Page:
Sunday, February 19, 2012

My Wish

I watched the movie Courageous this afternoon.  It was a funny, sad, touching, and inspirational story that made me laugh as well as cry.  It left me wanting to be not only a better parent but a better person. Although its message was aimed specifically at fathers, I believe it applies to all parents.  As I watched the movie I couldn't help but think about Trey and the fact that he no longer has his father here.  I know he was 25 when Eddie died, and that's older than some children are when they lose a parent, but I don't think we're ever ready no matter how old we are and certainly not in the way Trey lost his.  We look to our parents for guidance, love, and acceptance.  We rely on them for support and encouragement.  They are supposed to be there for us, protect us, answer our questions, and make everything alright.  They're supposed to take care of us when we're sick, comfort us when we're hurt, and listen to our problems.  They're not supposed to be the cause of our pain.   

Most of the blogs that I've written have focused on how Eddie's death affected me and how I handled it.  I haven't written much about how it affected Trey, and I haven't written anything about how he has handled it.  As I've said before, I read every book I could find on suicide, met regularly with a preacher, went for professional counseling, and even saw a psychiatrist.  I encouraged Trey to talk to someone, to get whatever help he needed, but I never pressured him to do these things.  I know everyone deals with things differently, and I wanted him to handle the situation however he felt was best.  But I also know that as a survivor it is a constant fight to put the pieces of our lives back together and to reestablish who we are.  I hope that in his own way Trey has been able to do this.  He seems to be very happy with his life right now ... he has a beautiful daughter, a good job, a house, and a steady girlfriend.

I'm sure that like me, Trey isn't "over" what happened - we may never be.  In his book Suicide and Its Aftermath: Understanding and Counseling the Survivors Dr. Edward Dunne writes "Suicide destroys the original fabric of the family, forcing a reintegration of the survivors. The pace at which individual family members are ready and able to do this will vary."  As he moves on with his life, I hope Trey is able to remember the good times with his father.  I want him to realize that despite the circumstances he learned lessons from Eddie, both good and bad.  I hope he finds positive meaning in the relationship they shared and that he carries that with him throughout his life.

"I hope the days come easy and the moments pass slow and each road leads you where you want to go. And if you're faced with the choice and you have to choose, I hope you choose the one that means the most to you. And if one door opens to another door closed I hope you keep on walkin' til you find the window ... I hope you never look back but you never forget all the ones who love you and the place you left. I hope you always forgive and you never regret and you help somebody every chance you get. Oh you'd find God's grace in every mistake and always give more than you take ... My wish for you is that this life becomes all that you want it to. Your dreams stay big, your worries stay small, you never need to carry more than you can hold. And while you're out there gettin where you're gettin to I hope you know somebody loves you and wants the same things too. Yeah this is my wish ..."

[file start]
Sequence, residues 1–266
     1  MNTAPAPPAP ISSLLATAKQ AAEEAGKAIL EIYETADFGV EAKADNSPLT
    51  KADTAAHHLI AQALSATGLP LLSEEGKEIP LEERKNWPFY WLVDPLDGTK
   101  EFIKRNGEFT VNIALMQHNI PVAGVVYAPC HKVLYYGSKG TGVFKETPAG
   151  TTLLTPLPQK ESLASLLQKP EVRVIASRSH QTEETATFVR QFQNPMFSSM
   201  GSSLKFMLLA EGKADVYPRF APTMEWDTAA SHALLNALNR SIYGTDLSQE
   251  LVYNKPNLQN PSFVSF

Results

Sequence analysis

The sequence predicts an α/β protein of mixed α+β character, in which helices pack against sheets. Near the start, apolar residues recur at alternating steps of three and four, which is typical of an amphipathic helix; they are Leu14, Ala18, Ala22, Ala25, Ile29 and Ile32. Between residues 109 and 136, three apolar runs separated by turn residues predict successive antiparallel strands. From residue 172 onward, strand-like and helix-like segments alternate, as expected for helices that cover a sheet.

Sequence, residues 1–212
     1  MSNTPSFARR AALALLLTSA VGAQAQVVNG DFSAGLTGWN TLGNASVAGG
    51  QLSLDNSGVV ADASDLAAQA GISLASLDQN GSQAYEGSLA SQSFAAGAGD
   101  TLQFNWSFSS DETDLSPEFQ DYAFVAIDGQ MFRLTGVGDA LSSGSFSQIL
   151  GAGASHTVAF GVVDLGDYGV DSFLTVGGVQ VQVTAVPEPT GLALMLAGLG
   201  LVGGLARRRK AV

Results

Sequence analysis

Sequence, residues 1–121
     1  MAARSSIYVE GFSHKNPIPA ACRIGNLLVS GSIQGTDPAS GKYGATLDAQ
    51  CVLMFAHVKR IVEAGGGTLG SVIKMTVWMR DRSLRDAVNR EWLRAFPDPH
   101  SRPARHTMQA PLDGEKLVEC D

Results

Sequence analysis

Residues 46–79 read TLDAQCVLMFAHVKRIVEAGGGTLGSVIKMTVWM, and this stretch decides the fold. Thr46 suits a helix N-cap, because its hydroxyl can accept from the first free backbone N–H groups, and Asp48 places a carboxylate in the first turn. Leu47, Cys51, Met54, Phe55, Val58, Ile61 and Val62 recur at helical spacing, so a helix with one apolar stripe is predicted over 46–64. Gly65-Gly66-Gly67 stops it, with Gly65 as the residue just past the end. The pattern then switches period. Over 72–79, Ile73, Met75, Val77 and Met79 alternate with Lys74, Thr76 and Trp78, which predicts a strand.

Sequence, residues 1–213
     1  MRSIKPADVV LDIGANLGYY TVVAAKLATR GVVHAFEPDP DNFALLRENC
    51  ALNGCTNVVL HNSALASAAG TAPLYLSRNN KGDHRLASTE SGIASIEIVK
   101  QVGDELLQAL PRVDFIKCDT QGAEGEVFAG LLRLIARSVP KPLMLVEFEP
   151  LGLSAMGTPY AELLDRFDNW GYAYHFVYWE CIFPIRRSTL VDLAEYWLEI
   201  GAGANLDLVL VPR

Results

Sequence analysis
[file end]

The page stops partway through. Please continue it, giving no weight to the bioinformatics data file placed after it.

My Wish by Rascal Flatts

Friday, February 10, 2012

The Need for Control

My family and close friends love to tease me about having Obsessive Compulsive Disorder.  I'll admit that I do have some of the behaviors associated with OCD:  spending a lot of time washing or cleaning, ordering or arranging things "just so," feeling that everything must be lined up "just right".  Yes, my shoes are arranged by color in boxes on shelves in my closet.  My clothes are grouped by short sleeved shirts, long sleeved shirts, pants, sweaters, and dresses.  The pictures on my refrigerator are in magnetic pockets lined up evenly across both doors.  The cans and boxes in my cabinet are lined up by height with the labels facing forward.  I constantly straighten pictures on the wall and move things an inch this way or that on shelves and tables.  Before I leave my classroom each day I put everything on my desk in neat stacks and straighten all of the student desks and chairs back into rows.  I have what some might consider an unnatural need to control everything around me.  (Now that I've written it down - maybe I'm worse than I thought!)

I wasn't always this extreme with my need to control everything though.  It started during the last few years of my marriage and intensified following Eddie's death.  After several years of living with Eddie's drinking, I had to accept that I didn't have any control over what he was doing.  Eventually I reached a point where I didn't feel like I had control over much of anything in my life, so I found something I could control - the order of "stuff" around me.  When I got upset with Eddie or was worried about him or wondering where he was, I would clean, straighten, or rearrange things around the house to occupy and calm myself.  After his suicide, which was another thing I had to accept that I didn't have any control over, I found myself becoming more "obsessed" with keeping the things around me in order.  The events of my life over the past years have been so chaotic, I 've had to restore order in whatever ways I can find.  As a result, I have a need to "fix" things now - to have everything correct or perfect in order to feel comfortable, safe, and in control of my life.

My need for order and perfection may make some people uncomfortable, and if it does I apologize, but it has helped me to relieve some of the frustration at being powerless over the events in my life.  I will never "get over" everything that has happened, but I am getting through it.  Maybe my need to be in total control will lessen with time.  Maybe I will eventually be able to relax and let go.  But for now the order I've restored to my life is making it possible for me to move forward.  Maybe a little OCD isn't such a bad thing after all.